New levels of luxury for Mercedes is clear to C
06:56 17 April 2014
Mercedes-Benz Cars press photo, do not use for advertising purposes
Mercedes-Benz’s new C-Class saloon aims to replicate the luxury experience found in its flagship S-Class. Iain Dooley, of the Press Association, drives it.
Price: C 220 Bluetech AMG Line, £32,855, auto £34,355 (range from £26,855)
Engine: 2.1-litre, 168bhp, four-cylinder turbo diesel
Transmission: Six-speed manual driving the rear wheels
Performance: 0-62mph 8.1 seconds; top speed 145mph
MPG: 70.6 combined
CO2 emissions: 106g/km
A ground-up revamp of the popular and affordable compact executive C-Class saloon has boosted quality, refinement and comfort, with Mercedes keen to raise the car’s standing in the fiercely-competitive small premium saloon market.
Not content with styling the car to compliment the flagship S-Class, the C-Class has comparable levels of equipment. Much of it is optional, but the trickle-down effect sees intelligent safety systems and high-end infotainment kit present.
Of greater interest to business-users is an engine range with more focus on reduced fuel consumption and emissions. Four-cylinder petrol and diesel units dominate, while diesel-electric hybrid power is also expected to make an appearance.
Looks and image
With Mercedes keen to ramp up the overall ‘premium’ feel of the C-Class, it’s hardly surprisingly it looks a lot like the E and S-Class models. Luxury by association isn’t a bad thing, and the soft curves and uncluttered sheet metal of the C-Class do much to add a welcome sense of occasion.
An important car for Mercedes, buyers want comfort and the cabin is not short of soothing curves and plush trim. Crucially there’s more space then before, too. If you want performance there are models sporting the popular AMG badge.
Space and practicality
As you’d expect from a car promising an improved ownership experience, the C-Class is a little bigger in all the right places. Cabin space has been boosted with a longer wheelbase – there should be no complaints from adults in the back.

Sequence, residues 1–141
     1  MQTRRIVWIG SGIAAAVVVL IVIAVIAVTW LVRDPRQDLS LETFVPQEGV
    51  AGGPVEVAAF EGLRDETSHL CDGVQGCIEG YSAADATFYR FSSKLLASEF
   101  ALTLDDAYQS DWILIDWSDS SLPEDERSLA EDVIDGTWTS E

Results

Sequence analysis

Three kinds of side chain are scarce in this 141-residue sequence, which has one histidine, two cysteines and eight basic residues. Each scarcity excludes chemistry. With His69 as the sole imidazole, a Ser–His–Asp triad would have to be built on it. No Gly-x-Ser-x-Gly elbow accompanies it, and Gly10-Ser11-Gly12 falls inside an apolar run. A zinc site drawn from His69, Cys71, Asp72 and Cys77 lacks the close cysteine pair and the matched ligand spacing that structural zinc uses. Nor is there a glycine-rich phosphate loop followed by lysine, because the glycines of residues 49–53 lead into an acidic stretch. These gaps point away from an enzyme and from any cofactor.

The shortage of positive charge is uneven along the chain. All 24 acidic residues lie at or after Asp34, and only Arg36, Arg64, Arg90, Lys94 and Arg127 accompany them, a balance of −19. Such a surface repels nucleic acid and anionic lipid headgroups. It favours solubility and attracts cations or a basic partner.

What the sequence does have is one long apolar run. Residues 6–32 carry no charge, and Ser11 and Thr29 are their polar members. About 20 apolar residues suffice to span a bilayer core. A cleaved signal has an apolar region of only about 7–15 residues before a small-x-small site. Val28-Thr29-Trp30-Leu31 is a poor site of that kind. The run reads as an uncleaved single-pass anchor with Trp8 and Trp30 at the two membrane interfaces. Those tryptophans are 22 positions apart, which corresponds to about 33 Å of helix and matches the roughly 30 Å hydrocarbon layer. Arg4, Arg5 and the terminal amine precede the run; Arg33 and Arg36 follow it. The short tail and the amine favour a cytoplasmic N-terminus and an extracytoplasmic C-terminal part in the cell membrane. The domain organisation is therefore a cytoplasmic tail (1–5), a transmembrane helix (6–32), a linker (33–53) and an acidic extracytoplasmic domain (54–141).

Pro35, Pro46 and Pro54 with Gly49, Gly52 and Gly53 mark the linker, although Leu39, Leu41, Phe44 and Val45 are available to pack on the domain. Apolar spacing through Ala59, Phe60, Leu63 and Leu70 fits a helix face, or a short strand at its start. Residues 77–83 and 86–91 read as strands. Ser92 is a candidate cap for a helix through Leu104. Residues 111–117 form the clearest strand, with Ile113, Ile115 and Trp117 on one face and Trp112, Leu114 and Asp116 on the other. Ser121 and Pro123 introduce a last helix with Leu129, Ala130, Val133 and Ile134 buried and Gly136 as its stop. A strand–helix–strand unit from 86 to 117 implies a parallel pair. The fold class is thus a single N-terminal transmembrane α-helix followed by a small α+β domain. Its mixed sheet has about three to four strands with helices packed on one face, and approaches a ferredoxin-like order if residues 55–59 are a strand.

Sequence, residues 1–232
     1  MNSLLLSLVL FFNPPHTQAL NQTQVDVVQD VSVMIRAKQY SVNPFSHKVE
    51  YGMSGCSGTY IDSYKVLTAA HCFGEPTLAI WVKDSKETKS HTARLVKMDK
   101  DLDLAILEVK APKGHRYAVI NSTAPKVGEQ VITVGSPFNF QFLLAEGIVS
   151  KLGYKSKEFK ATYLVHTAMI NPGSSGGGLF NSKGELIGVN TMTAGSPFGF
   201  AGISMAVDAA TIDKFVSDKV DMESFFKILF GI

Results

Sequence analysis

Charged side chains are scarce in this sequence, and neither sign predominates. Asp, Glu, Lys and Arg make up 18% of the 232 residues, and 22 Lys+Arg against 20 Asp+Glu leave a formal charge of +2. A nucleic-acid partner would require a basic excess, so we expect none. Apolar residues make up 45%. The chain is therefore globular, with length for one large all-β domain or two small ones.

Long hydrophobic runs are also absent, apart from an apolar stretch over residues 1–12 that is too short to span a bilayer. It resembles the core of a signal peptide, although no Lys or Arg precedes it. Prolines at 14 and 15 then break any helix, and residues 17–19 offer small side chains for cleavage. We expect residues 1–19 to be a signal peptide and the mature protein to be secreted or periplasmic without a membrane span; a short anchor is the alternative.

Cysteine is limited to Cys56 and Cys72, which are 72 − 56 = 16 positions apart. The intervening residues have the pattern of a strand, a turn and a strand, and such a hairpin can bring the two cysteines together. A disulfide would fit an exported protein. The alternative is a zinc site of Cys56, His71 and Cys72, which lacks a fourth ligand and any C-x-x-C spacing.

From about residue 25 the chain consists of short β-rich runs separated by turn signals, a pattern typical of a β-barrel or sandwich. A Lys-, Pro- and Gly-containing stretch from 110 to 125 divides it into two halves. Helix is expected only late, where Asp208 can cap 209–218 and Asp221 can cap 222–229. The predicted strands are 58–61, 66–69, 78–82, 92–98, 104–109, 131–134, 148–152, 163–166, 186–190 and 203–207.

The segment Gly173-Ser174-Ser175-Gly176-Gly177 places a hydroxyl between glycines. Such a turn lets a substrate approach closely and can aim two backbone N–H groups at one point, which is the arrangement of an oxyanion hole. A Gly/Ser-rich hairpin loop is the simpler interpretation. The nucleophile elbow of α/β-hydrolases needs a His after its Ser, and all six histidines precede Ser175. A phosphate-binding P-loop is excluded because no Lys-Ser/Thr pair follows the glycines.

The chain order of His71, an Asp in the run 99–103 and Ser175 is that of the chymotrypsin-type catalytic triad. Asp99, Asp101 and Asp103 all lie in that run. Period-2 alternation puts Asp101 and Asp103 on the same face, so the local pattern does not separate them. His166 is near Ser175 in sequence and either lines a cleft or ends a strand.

Cabin storage space is also good, while the option of a split rear seat expands the capacious boot’s potential. It might be a saloon, but the boot can swallow a surprising amount of stuff, while the low load lip ensures heavy or bulky items can be handled with relative ease.
Behind the wheel
With the accent on luxury, the driving experience is smooth and refined. The steering wheel and driver’s seat offer ample adjustment, while all-round visibility is good. Steel springs are the default set-up but, in a class first, you can opt for air suspension, which delivers a plush ride akin to the larger S-Class.
Overall economy is better, and the 168bhp C 220 Bluetech diesel is expected to be the key model for business-users. With all cars gaining a driver-selectable driving mode control, switching it to Sport helps boost the car’s agility.
Value for money
In the premium executive market the new C-Class is surprisingly good value with generous standard kit – simulated leather upholstery, comprehensive audio system, good list of safety features – along with the promise of modest running costs with the low power diesel.
Who would buy one?
If you’re not looking for a sporty image, the luxurious and refined C-Class might be for you. Mercedes is keen to tap into the aspirational notion of S-Class ownership, so why not start with its mini-me cousin?